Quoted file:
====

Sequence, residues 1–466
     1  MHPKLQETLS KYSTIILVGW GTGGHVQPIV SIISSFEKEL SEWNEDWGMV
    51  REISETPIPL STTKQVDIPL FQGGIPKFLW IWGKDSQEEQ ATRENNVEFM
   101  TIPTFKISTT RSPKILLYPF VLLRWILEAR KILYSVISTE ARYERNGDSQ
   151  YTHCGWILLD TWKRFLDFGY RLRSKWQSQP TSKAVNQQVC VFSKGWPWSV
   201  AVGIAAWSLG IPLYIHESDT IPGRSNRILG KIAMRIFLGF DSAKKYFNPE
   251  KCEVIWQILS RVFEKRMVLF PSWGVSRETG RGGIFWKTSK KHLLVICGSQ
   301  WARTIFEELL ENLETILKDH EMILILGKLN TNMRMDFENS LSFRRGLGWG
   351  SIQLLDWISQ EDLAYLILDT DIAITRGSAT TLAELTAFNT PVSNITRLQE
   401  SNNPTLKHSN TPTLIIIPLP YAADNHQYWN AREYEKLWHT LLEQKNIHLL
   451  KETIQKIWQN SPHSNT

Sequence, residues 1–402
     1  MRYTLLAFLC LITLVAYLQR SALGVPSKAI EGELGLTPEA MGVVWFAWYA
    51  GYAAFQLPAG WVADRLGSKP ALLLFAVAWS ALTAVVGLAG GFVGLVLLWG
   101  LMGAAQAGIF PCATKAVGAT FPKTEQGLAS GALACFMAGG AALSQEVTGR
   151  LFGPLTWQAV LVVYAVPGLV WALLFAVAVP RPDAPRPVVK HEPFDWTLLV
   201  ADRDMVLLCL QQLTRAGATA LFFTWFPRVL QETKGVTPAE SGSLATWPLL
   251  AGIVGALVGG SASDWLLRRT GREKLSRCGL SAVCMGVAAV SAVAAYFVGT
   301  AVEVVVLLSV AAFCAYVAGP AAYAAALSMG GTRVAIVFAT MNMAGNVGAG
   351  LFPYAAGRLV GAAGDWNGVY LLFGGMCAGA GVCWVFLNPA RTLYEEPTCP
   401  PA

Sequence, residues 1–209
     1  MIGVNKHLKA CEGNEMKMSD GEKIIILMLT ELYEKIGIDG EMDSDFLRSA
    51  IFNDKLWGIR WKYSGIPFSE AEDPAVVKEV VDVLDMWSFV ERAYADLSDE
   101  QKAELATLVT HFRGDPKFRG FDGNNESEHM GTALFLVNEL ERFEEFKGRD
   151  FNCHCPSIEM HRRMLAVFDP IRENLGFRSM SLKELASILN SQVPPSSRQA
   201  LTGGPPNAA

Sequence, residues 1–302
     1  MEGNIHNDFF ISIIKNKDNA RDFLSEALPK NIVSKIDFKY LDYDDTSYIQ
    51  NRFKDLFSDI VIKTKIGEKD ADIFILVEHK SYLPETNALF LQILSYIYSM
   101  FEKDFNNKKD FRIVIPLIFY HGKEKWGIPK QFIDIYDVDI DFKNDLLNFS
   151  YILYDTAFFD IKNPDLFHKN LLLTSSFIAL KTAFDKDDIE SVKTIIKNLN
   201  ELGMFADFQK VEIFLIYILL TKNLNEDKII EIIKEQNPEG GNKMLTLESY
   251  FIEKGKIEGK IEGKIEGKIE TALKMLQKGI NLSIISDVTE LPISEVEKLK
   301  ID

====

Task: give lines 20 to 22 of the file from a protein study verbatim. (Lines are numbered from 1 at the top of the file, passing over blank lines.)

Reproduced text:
   351  LFPYAAGRLV GAAGDWNGVY LLFGGMCAGA GVCWVFLNPA RTLYEEPTCP
   401  PA

Sequence, residues 1–209